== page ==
By Yuwa Vosper
Seen at music festivals, sporting, or festive holiday events, Haybands are a popular hair accessory many ladies are wearing as a fun way to embellish their ensemble. Made from a soft, elastic trim that is typically used for sewing and lining garments, creator Hayley Childress reinvented the fabric.
“I found the trim could be cut by the yard. Plus, it was soft and would not irritate the skin. I begin making hairbands for myself and friends in school,” she said.
Her creations became so popular other students and even faculty at LSU began requesting orders. The orders were coming in so quickly that she asked her mother, Julie Childress, for help.
“My mom facilitated the growth of Haybands from a hobby to a brand,” she said.
An LSU graduate, Childress explained that she is sometimes still in denial that in three years she has transitioned from a student to a business owner.
Coined from the unique spelling of Childress’ first name, Haybands are sold online and in stores nationwide. She recounts with a grateful smile how satisfying it is to see a display in local boutiques and watching customers becoming excited over her product.
“The most rewarding aspect is seeing the end product finally come to life and seeing a customer getting excited,” she said. “Every time I am just as excited – it’s what you do your job for, and the stores display our products so well,” said Childress. She explained that the local boutique owners took a chance on her product allowing her to go from wholesale to retail.
Haybands and Haylos
There are two types of Haybands: the Haylo and the Hayband. The Haylo is the more popular style that is worn around the head resembling an angelic halo, and the Hayband is most associated with hair ties that can be layered on the wrist. Customers can choose from a list of options including summer festival, purple and gold, black and gold, stocking stuffers, or customized. Each product gives a customer versatility when styling an ensemble. One of the most popular items found in boutiques is the flower Haybands. Childress said these are for the bohemian at heart.
“The growth of the flower Haybands is reminiscent of that time of the free spirit, and it pairs well with the flowing apparel of that time,” she said. “Plus, it’s great for a music festival because it is not too tight and you can wear it all day.”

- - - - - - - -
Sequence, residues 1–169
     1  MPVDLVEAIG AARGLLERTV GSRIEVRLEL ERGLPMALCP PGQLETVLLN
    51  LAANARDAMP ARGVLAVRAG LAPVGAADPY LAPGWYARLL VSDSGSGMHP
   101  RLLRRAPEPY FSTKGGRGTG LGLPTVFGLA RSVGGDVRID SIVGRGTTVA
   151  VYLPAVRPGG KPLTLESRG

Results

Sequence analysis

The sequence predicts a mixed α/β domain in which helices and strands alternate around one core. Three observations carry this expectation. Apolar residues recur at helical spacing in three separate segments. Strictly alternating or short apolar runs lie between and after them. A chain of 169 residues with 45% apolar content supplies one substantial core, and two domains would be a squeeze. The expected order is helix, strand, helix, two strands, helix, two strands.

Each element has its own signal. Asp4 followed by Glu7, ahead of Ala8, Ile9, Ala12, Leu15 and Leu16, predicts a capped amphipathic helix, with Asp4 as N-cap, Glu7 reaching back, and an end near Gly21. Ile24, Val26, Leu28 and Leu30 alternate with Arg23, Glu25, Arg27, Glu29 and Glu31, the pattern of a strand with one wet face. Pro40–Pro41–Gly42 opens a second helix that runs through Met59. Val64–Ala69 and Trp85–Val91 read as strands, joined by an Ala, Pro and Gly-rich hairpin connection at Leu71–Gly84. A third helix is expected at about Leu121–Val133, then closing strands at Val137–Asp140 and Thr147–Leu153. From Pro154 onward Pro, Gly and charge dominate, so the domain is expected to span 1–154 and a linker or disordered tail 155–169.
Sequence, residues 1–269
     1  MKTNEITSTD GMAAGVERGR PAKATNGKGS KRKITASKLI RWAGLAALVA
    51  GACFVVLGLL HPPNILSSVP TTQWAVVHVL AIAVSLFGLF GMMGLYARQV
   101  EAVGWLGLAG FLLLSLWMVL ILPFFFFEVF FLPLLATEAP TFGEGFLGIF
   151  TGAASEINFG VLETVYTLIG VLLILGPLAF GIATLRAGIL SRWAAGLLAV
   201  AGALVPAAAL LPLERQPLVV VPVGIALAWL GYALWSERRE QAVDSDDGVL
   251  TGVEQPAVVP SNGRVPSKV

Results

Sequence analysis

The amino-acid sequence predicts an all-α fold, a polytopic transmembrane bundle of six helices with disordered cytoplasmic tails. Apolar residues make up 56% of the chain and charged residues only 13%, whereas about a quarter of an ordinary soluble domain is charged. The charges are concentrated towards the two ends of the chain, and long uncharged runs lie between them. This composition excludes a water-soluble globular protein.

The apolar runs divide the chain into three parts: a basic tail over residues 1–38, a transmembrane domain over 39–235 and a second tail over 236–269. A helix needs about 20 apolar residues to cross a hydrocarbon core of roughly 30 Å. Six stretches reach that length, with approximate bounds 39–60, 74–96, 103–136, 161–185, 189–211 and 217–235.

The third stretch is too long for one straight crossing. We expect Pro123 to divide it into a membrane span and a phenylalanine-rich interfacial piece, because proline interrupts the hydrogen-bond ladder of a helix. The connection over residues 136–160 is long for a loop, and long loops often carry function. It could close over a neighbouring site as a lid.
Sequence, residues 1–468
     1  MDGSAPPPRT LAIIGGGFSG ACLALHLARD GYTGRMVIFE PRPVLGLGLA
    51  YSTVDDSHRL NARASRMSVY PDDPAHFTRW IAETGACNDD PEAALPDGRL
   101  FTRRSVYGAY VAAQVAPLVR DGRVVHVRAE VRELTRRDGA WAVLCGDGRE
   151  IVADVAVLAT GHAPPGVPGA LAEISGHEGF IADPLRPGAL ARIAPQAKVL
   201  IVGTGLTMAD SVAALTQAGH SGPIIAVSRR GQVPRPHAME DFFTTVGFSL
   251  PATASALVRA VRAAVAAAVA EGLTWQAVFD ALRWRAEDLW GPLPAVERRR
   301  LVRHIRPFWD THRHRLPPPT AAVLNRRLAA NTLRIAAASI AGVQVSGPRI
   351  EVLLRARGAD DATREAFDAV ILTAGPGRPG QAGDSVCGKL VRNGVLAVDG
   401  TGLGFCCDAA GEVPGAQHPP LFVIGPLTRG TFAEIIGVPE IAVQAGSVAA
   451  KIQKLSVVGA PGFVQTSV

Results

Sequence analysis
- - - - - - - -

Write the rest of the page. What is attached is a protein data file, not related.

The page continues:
A newer product is the Hayband hair tie. Childress noticed that many ladies will wear a ponytail holder on their wrist and wanted to provide a more stylish option. So, she designed a Hayband that resembled a bracelet. It acts as a clever disguise for a hair tie with several colorful options from Halloween, cameaux (camouflage), or even flower hair buns. Childress added, “With Haybands, you never feel under or over dressed.”
For her own personal style, she claims to be a “huge shopper” but prefers to keep her style minimal. Childress prefers to keep her self-imposed ‘uniform’ of black leggings simple to allow for vibrant accessories. She showed her right arm which had neon stacked Haybands placed around her wrist.
“I always color coordinate different accessories with what I am wearing,” she said.
Haybands provide functionality. You can wear a chic, evening black dress worn with a gold glitter Hayband as an accessory.
Haybands has begun branching out, creating items such as key chains, which will arrive in stores within the next few weeks. These faux fur pom-pom key chains come in colors including Red Red Wine and Laguna Beach Blue. Perfect for winter, there is also a winter white faux fur hair band. Childress explained that these are all great stocking stuffers that can become a daily staple by attaching the keychain to a cross-body bag as a stylish accessory.
Childress attends major fashion markets around the United States and now reaches markets from Nevada to New York. However, Childress says her biggest support is in Louisiana. Her Southern customers were the first to embrace Haybands. Even more, her customers truly do love wearing Haybands because there is always a special occasion to get dressed up for in the South.